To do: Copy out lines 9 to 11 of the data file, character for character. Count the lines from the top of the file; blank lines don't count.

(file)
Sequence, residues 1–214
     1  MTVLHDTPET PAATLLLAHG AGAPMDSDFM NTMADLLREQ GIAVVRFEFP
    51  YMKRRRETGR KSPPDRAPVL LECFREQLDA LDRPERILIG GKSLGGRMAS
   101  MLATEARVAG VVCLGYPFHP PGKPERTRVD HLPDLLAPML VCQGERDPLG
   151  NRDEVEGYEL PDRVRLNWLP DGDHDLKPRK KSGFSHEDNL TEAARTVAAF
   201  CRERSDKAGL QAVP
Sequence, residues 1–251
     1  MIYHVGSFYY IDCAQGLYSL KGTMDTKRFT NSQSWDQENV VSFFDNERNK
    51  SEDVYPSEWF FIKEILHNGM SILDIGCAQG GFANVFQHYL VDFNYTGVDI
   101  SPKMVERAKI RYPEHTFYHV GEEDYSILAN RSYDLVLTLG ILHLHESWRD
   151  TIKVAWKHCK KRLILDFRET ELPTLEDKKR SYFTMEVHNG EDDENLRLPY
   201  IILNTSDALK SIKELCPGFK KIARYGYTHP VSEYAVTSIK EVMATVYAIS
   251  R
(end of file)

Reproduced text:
    51  SEDVYPSEWF FIKEILHNGM SILDIGCAQG GFANVFQHYL VDFNYTGVDI
   101  SPKMVERAKI RYPEHTFYHV GEEDYSILAN RSYDLVLTLG ILHLHESWRD
   151  TIKVAWKHCK KRLILDFRET ELPTLEDKKR SYFTMEVHNG EDDENLRLPY